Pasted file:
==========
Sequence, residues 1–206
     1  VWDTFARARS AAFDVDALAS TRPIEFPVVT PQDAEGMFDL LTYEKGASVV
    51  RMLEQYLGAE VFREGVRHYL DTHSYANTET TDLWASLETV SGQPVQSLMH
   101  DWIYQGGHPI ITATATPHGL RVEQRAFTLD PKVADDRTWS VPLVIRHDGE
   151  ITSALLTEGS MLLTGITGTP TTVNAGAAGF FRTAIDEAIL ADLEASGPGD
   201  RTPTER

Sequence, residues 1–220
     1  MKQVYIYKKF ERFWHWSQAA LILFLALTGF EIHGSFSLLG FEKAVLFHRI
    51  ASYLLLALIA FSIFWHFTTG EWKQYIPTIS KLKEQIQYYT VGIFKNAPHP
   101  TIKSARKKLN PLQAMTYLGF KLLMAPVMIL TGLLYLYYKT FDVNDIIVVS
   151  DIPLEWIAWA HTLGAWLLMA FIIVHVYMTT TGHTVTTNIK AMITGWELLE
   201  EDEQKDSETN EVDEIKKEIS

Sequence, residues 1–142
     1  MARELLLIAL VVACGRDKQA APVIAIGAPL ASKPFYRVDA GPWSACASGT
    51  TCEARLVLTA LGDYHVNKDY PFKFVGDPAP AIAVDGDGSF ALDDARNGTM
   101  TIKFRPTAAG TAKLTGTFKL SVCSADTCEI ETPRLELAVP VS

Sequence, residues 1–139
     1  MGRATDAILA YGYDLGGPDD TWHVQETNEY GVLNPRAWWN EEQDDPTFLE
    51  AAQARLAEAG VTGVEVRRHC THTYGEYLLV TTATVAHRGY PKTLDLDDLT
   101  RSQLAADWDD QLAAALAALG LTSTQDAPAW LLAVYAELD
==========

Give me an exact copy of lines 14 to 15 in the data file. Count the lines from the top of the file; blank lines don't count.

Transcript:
     1  MARELLLIAL VVACGRDKQA APVIAIGAPL ASKPFYRVDA GPWSACASGT
    51  TCEARLVLTA LGDYHVNKDY PFKFVGDPAP AIAVDGDGSF ALDDARNGTM